Updated: March 3, 2021
Dayla Quinn Celebrates Her 5th Birthday at Waterworks
A few weeks ago we had my youngest daughter’s 5th birthday at an indoor pool here in Pasadena, CA. It was fun because of all the family and friends surrounding us. I loved seeing family around and watching their faces as have a great time splashing in the water or chatting poolside especially in the typical cold January month. The time spent with family and friends is always a blessing. Yes, money is great. But as I get older, the most important thing that matters to me is your generosity of time. The time you spend with somebody – that “commodity”, you’re “spending” time with them. That’s so important because time is something you can never get back. So yeah, the generosity of time is one of the best gifts you can give.
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A Few Videos From Dayla’s Party Below:
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Generosity Pays: The Rewards of Generous Behavior
We admire generous people. Fortunately, anyone can be generous. It’s not necessary to be wealthy, talented, skilled, attractive, or even likable to be generous. Anyone has the ability to give something to others, even if it’s just a shoulder to cry on.
What you might not realize is how much you gain by being generous to others.
You’re not just helping someone else. You’re helping yourself, too. Being generous has even been shown to add years to your life!
See how generosity pays off:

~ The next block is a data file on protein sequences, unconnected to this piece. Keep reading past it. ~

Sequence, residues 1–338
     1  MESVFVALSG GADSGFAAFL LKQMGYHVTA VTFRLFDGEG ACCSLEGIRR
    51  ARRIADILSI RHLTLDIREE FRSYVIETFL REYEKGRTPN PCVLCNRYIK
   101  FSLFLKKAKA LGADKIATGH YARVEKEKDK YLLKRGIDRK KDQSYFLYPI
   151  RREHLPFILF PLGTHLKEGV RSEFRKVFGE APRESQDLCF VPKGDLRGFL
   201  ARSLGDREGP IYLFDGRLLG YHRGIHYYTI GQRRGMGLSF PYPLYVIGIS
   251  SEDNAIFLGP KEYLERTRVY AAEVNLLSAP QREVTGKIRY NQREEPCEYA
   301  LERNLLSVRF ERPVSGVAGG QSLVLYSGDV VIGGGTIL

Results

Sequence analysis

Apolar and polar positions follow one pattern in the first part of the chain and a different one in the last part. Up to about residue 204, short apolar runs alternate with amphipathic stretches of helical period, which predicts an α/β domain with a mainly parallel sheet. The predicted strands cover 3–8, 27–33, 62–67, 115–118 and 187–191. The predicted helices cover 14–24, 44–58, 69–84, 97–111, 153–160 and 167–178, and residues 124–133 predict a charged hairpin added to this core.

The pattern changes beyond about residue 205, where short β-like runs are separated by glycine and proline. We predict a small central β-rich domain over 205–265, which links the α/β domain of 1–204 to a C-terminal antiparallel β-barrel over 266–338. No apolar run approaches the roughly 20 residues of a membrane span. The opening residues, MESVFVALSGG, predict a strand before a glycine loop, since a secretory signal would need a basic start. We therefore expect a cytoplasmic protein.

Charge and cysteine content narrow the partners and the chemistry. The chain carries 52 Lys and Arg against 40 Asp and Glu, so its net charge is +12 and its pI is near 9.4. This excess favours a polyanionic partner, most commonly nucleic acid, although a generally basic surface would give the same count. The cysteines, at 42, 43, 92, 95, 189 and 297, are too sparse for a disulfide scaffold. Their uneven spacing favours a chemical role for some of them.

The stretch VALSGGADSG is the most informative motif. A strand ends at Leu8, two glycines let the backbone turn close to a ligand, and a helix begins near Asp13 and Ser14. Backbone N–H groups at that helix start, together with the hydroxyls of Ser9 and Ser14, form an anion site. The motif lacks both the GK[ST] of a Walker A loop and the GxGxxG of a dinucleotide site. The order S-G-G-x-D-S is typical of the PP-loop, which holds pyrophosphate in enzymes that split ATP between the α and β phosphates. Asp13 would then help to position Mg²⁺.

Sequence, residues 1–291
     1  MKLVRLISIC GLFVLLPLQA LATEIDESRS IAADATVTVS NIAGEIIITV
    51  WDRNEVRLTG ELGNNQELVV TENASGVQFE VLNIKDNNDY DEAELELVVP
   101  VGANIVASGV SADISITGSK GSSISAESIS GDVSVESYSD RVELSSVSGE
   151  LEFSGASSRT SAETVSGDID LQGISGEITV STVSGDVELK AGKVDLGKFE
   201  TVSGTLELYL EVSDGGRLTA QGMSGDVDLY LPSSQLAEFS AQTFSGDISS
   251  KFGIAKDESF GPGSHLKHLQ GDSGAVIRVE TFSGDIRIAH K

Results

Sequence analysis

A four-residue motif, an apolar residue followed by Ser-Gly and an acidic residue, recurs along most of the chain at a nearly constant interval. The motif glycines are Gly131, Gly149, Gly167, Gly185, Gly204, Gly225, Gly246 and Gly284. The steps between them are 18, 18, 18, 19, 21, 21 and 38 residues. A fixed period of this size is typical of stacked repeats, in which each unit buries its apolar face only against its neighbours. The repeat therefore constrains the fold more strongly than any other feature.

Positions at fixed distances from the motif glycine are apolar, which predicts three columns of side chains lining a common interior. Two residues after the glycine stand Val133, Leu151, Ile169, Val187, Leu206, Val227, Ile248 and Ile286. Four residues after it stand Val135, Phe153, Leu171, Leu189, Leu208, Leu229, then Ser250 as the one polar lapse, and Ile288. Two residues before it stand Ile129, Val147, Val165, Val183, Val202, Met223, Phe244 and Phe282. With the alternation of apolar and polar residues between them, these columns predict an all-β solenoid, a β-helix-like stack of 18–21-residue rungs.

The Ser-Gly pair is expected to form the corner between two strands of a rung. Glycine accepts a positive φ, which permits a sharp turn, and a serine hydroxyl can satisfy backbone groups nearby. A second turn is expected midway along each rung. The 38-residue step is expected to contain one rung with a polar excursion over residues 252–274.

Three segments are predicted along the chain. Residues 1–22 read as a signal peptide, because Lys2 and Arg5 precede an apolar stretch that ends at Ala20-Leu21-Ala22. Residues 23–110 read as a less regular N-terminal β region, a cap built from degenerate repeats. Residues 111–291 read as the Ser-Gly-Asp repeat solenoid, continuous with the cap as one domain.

Self-esteem. It feels good when you put your time, attention, or financial resources toward a worthy cause, or to just help a friend. It’s proof to yourself that you’re a good person. What could be better than that?
Relationships. Your relationships improve when you’re generous. After all, both parties should be getting something out of any relationship, or it’s simply not a positive relationship.
When you’re generous, the relationship is beneficial to the other person. You also feel good about yourself, which is actually a benefit to you, too. You both have more positive feelings about the relationship. You’re also more likely to be on the receiving end of more generosity.
The more you give, the more you receive. When you’re willing to help others, others are more willing to help you. We feel obligated to reciprocate when we receive assistance or a favor from someone else. If you’re not willing to do something kind for others, you might be left wanting in your time of need.
Abundance mindset. When you’re generous, you’re sending the message that you believe there is enough for everyone. You don’t feel the need to hoard your resources. This is a powerful mindset that can greatly increase the odds of enjoying a fruitful life.
Generosity sets a good example for your children. Your children are always watching you, even if you’re convinced that they’re not listening. When you demonstrate generous behavior, your children are more likely to be generous, too. This is good for your children’s relationships and overall health.